Unwanted loneliness negatively affects people’s health, both physical and mental, and, therefore, their quality of life. In Spain alone, it is estimated that 13.4% of individuals suffer from it, affecting women (14.8%) more than men (12.1%), according to the SoledadES Observatory. In addition, people with unwanted loneliness have been in this situation for about 6 years and 22.9% feel alone all day. In the EU, it is estimated that around 30 million citizens often feel lonely. However, 80% of people believe that loneliness is an invisible problem.
Against this background, it is worth highlighting recent research published in the journal BMC Medicine about social relationships and their relationship with mortality (Social connection and mortality in the UK Biobank: a prospective cohort analysis), which provides and a little light after analyzing the qualitative and quantitative aspects of loneliness: how often they can rely on someone close; how often they feel alone; how often they see family and friends; if they participate in activities with other people and if they live alone.
And it has been known for a long time that loneliness affects the quality of life. In fact, the largest happiness study to date, conducted at Harvard University, concluded that social relationships are essential to a good state of mind.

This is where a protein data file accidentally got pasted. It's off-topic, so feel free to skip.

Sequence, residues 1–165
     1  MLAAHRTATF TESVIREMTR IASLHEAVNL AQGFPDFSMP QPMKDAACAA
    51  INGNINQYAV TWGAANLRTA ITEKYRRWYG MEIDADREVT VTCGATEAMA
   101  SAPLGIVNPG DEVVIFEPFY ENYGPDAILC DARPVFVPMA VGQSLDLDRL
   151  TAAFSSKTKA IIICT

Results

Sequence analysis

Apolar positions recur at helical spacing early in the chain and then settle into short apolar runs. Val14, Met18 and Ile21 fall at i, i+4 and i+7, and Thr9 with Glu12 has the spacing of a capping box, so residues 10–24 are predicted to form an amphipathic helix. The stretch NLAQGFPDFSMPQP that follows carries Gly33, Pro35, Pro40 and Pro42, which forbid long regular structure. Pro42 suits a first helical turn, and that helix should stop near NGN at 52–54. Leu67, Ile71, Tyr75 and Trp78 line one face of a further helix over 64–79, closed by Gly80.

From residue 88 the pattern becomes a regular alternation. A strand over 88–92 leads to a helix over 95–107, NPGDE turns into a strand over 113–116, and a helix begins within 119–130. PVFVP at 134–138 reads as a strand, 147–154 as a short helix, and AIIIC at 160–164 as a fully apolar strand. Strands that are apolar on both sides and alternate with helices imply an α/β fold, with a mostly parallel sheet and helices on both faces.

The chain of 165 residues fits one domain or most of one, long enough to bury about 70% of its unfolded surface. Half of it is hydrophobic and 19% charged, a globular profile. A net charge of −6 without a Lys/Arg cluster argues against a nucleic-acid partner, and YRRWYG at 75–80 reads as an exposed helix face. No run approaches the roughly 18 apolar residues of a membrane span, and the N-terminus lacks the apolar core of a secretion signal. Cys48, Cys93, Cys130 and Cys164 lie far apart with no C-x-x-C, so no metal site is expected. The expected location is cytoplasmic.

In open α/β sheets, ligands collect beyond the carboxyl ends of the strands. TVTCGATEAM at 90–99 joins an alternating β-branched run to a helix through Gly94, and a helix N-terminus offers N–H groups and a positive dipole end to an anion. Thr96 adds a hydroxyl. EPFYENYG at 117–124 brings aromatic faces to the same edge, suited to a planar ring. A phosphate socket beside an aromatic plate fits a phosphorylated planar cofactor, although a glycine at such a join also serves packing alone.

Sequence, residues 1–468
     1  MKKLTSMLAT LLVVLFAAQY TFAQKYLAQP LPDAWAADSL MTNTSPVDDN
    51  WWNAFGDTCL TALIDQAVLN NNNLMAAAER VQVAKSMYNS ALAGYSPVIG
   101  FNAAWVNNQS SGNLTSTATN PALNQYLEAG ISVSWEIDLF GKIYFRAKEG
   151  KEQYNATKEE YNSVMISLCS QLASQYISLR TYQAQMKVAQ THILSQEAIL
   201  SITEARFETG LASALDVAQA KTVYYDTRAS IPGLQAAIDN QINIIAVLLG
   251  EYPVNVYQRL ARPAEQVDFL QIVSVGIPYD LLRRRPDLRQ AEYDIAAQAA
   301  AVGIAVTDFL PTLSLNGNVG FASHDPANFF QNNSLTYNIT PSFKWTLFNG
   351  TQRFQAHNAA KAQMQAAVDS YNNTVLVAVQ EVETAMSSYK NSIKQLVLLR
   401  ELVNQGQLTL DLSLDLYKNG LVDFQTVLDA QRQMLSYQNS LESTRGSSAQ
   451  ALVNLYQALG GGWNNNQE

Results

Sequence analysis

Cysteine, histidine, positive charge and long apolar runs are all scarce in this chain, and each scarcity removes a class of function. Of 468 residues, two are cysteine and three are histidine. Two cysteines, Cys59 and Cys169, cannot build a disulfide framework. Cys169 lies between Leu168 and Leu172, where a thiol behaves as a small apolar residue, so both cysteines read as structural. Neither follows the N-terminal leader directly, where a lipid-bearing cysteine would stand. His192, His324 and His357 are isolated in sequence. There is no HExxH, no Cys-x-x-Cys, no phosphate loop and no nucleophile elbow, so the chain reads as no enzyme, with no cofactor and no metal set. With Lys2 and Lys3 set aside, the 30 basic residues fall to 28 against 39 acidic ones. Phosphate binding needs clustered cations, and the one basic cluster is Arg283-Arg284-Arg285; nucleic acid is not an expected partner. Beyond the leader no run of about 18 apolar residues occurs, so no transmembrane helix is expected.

Now, this new research goes a step further and reveals that people who don’t socialize with others have a greater risk of premature mortality due to the lack of occasional social contact combined with feelings. of human isolation and freedom. activities.
Research suggests that having a low level of objective social connection (such as not seeing friends and family often) or subjective feelings of a lack of social connection (such as feeling that you cannot trust someone someone you are close to or feel lonely all the time), increases the risk of dying prematurely.
“Our study looked at several dimensions of social connectedness and found that their combination may affect the risk of premature death more than previously thought,” explained Hamish Foster, from the University of Glasgow and a by the authors of this study. “This means that, when addressing issues such as loneliness and social isolation, we need to examine these different dimensions together and together if we want to identify and support the most isolated in society.”
Research has found that people who live alone and lack other indicators of social connectedness (such as infrequent contact with friends and family or infrequent participation in group activities) may be more high risk of death.
The study was conducted for almost 13 years with 458,146 people. Of this, 7.2% of the participants died. At this time, researchers found that if the frequency of visits from friends and family was at least monthly, there was a lower risk of mortality. But it increased to 39% more than those who live alone and do not receive visitors even once a month. Regarding socializing through group activities, researchers did not find good results when they did not have their loved ones nearby.
In addition, the study suggests that the effects of some extreme signs of social disconnection (such as people living alone and not seeing their friends and family) can be strong enough to mask those benefit of having some positive social connections (such as participating in regular group activities).